Dr Duncan Astle from the MRC Cognition and Brain Sciences Unit at the University of Cambridge, who led the study said: “Receiving a diagnosis is an important landmark for parents and children with learning difficulties, which recognizes the child’s difficulties and helps them to access support. But parents and professionals working with these children every day see that neat labels don’t capture their individual difficulties – for example one child’s ADHD is often not like another child’s ADHD.

“Our study is the first of its kind to apply machine learning to a broad spectrum of hundreds of struggling learners.”

The team did this by supplying the computer algorithm with lots of cognitive testing data from each child, including measures of listening skills, spatial reasoning, problem solving, vocabulary, and memory. Based on these data, the algorithm suggested that the children best fit into four clusters of difficulties.

These clusters aligned closely with other data on the children, such as the parents’ reports of their communication difficulties, and educational data on reading and maths. But there was no correspondence with their previous diagnoses. To check if these groupings corresponded to biological differences, the groups were checked against MRI brain scans from 184 of the children. The groupings mirrored patterns in connectivity within parts of the children’s brains, suggesting that that the machine learning was identifying differences that partly reflect underlying biology.

Two of the four groupings identified were: difficulties with working memory skills, and difficulties with processing sounds in words.

Difficulties with working memory – the short-term retention and manipulation of information – have been linked with struggling with maths and with tasks such as following lists. Difficulties in processing the sounds in words, called phonological skills, has been linked with struggling with reading.

Dr Astle said: “Past research that’s selected children with poor reading skills has shown a tight link between struggling with reading and problems with processing sounds in words. But by looking at children with a broad range of difficulties we found unexpectedly that many children with difficulties with processing sounds in words don’t just have problems with reading – they also have problems with maths.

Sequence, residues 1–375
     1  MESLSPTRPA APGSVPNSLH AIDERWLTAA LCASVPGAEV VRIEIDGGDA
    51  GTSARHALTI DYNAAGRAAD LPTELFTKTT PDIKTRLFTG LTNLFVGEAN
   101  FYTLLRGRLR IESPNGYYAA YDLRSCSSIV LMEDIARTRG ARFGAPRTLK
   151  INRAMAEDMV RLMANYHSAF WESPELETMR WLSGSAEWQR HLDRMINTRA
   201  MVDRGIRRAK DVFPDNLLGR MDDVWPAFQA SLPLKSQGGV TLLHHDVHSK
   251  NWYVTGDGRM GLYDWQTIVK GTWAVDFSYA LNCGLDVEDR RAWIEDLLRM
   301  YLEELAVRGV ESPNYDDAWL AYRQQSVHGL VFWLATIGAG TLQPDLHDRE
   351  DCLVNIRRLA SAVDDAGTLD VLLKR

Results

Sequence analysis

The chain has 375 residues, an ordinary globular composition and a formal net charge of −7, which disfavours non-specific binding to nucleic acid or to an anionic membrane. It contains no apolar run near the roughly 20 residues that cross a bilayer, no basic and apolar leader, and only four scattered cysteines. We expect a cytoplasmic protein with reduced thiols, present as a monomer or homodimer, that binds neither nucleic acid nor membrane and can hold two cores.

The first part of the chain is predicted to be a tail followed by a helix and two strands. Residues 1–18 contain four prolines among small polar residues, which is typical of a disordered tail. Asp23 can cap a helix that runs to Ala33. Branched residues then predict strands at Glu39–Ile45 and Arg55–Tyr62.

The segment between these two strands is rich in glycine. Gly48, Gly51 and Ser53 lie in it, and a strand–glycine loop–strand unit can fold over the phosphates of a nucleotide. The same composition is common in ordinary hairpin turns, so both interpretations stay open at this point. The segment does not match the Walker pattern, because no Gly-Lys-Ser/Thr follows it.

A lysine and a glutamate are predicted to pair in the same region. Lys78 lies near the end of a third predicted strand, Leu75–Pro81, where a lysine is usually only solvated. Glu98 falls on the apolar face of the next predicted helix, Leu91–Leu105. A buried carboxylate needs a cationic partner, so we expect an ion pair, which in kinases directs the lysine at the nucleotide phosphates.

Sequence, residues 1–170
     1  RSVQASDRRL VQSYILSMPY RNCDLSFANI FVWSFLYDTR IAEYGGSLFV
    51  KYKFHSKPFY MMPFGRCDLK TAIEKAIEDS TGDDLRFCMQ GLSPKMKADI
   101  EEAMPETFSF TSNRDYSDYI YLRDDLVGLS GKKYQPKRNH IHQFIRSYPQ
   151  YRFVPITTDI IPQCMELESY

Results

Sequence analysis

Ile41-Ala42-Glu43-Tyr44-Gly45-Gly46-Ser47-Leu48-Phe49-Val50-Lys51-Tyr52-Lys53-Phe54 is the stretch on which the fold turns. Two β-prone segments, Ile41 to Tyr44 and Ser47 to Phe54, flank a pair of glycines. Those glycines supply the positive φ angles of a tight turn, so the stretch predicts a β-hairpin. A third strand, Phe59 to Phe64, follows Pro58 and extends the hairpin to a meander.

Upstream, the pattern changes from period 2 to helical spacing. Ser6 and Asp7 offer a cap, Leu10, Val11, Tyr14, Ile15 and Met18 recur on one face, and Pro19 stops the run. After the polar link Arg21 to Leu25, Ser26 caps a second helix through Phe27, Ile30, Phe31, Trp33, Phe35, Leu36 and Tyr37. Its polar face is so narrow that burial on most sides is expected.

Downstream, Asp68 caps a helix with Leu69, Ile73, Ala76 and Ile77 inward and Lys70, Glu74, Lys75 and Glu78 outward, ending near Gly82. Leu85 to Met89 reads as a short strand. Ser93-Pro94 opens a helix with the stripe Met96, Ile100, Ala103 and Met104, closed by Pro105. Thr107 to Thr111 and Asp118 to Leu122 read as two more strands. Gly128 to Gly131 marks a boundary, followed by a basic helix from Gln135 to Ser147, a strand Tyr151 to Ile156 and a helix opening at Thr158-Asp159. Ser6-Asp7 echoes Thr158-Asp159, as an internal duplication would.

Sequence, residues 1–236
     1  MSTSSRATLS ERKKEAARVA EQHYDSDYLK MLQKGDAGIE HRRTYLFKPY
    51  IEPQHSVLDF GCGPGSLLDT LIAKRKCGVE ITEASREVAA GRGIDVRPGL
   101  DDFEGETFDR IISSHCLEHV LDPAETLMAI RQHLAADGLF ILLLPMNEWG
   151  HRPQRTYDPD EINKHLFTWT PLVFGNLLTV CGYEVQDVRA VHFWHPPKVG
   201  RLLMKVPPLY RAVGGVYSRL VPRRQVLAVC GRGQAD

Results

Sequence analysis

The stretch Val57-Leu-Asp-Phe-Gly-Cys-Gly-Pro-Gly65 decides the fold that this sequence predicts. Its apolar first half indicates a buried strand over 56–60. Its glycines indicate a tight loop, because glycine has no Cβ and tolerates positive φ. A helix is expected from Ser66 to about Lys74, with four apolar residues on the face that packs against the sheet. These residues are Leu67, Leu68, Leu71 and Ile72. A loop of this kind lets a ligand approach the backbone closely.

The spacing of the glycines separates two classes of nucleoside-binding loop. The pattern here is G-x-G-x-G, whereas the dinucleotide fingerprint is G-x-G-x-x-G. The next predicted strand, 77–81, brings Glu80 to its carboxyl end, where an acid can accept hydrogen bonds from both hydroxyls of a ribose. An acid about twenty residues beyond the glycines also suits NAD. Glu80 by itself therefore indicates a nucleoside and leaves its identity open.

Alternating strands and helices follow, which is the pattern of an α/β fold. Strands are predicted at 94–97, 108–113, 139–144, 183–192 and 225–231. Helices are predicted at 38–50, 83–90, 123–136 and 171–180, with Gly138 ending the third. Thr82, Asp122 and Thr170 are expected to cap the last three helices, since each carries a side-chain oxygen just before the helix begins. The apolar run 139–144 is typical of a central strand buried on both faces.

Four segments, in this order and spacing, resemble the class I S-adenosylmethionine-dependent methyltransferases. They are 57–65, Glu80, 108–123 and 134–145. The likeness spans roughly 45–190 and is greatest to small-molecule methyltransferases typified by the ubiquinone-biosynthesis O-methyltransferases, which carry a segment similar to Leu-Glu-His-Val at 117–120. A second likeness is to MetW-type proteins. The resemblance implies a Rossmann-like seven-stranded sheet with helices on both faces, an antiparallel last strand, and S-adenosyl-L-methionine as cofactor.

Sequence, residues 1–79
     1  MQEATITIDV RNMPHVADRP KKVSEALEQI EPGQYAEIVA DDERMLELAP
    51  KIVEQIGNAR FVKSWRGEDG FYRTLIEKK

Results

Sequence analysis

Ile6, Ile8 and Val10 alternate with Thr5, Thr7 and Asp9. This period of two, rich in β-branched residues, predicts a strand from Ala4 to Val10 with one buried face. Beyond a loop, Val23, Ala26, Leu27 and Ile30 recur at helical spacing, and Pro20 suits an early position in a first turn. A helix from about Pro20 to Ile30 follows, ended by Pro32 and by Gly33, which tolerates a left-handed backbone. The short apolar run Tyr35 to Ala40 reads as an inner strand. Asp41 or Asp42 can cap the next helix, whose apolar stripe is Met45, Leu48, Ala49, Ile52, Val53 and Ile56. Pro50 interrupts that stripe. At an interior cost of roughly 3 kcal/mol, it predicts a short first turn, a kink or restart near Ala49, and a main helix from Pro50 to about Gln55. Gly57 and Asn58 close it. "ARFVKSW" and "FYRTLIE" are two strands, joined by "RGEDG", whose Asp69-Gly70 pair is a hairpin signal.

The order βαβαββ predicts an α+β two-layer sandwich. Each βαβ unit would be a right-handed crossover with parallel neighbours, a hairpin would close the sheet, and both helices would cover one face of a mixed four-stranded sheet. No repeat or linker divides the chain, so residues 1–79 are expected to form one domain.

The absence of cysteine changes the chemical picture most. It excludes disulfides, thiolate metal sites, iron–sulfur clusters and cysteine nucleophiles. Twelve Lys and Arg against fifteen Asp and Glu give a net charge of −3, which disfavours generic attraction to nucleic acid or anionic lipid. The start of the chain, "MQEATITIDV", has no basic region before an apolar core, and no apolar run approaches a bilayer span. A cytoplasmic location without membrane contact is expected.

“As researchers studying learning difficulties, we need to move beyond the diagnostic label and we hope this study will assist with developing better interventions that more specifically target children’s individual cognitive difficulties.”

Dr Joni Holmes, from the MRC Cognition and Brain Sciences Unit at the University of Cambridge, who was senior author on the study said: “Our work suggests that children who are finding the same subjects difficult could be struggling for very different reasons, which has important implications for selecting appropriate interventions.”

The other two clusters identified were: children with broad cognitive difficulties in many areas, and children with typical cognitive test results for their age. The researchers noted that the children in the grouping that had cognitive test results that were typical for their age may still have had other difficulties that were affecting their schooling, such as behavioral difficulties, which had not been included in the machine learning.

Dr Joanna Latimer, Head of Neurosciences and Mental Health at the MRC, said: “These are interesting, early-stage findings which begin to investigate how we can apply new technologies, such as machine learning, to better understand brain function. The MRC funds research into the role of complex networks in the brain to help develop better ways to support children with learning difficulties.”

About author

Related Articles